When we decided about a year ago to dedicate a full issue of Diacritica to the topic of refugees, the editorial team was hopeful that by the time of publication we would be using the past tense for addressing the refugee challenges in connection to Western societies; needless to say that our hope was not met with the difficult political and social situations of our current times. Millions of citizens around the world are still facing adversaries that push them to seek a shelter somewhere. Most Westerners are not conscious about the fact that most of the wars that drive global south citizens to migrate are initiated either by direct or indirect Western interferences. This lack of consciousness demands a more intervening action from Humanities.
Generally speaking, there are two main discourses that surround the refugee crisis; the first one is what we call a ‘demonizing’ discourse and the second one is what we can describe as a ‘idealizing’ discourse. To contrast these two discourses in a short form of plain speaking we may say that the first one calls for refugees to go back to their homes, they are described as evil coming to the West to take advantage of its social and welfare services, they want to change Western values and to disturb the seemingly stable and peaceful Western societies. The latter discourse regards refugees as angels, they are saints who cannot do anything wrong.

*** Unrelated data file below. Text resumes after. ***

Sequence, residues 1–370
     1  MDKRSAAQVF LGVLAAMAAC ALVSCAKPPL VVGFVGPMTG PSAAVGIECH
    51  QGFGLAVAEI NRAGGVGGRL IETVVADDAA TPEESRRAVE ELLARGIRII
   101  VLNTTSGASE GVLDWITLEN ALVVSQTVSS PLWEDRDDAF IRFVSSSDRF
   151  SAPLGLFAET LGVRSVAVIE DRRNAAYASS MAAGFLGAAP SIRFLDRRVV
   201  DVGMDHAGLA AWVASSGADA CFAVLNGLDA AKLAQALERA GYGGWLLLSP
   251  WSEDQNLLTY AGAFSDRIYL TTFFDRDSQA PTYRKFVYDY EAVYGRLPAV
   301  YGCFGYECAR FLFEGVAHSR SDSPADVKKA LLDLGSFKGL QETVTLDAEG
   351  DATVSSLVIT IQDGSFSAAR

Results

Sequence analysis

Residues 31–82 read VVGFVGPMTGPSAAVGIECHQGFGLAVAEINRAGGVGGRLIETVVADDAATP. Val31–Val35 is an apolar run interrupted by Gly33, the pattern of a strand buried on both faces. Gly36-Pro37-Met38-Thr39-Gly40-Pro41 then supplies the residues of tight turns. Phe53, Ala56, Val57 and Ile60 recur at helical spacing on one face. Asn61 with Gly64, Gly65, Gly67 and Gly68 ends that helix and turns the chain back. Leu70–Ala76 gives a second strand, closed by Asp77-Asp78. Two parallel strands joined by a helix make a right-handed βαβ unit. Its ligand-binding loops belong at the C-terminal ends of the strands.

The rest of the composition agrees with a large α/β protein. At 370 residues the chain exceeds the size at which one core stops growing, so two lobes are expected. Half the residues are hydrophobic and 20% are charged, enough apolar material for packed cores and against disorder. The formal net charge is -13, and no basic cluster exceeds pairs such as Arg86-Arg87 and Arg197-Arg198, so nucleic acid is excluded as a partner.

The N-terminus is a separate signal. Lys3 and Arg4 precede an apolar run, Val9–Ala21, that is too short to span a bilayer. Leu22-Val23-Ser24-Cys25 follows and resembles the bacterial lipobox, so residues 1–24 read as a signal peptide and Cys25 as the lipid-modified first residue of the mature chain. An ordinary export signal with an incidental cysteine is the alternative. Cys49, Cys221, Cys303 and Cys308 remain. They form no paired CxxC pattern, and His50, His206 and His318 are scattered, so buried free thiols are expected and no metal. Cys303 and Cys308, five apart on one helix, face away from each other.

Both discourses generate narratives that fail to give a chance to refugees to voice their own thoughts and feelings. Refugees are perceived by two discourses as agentless individuals with blank identities. Thus, these two discourses want to color them with specific political views without even listening to refugees’ perspectives. These two narratives are blinded by Western privileges that allow to judge someone who runs for his live from a war that is caused, most of the times, by Western intervention. It is the same privilege that was boosted by Western countries colonizing global south countries not long time ago, exploiting their resources, and leaving them with artificial boarders that the colonizers draw with no regard to the colonized desires.
The so-called ‘refugee crisis’ is caused by the West and is not a crisis that is just surfacing. Going beyond the concept of remediating dysfunctional phenomena of a well-defined system it means a huge demographic transformation with political and social implications. This transformation roots in the colonial history and the problematic relationship between the West and the global South. In this issue of Diacritica, we focus on Humanities. When we contextualize the ‘crisis’ within that intellectual framework, we can move on, and start a productive dialogue about the best theoretical perspectives and practical tools to deal with refugee challenges. It is the time to engage in conversations that connect refugees’ public narratives to the Humanities. Such an intellectual engagement will only further enrich the discussion that is already taking place behind the usual humanitarian and legal disciplines.
The papers included in this issue of Diacritica converse with broad topics such as media, language, and literature and not forgetting to engage the actual refugee voices. In addition to the traditional academic papers, we decided also to add creative writings and cartoons that will even cast another view on the refugee experience, hopefully contributing for a change.
Marie-Manuelle Silva & Fadi Skeiker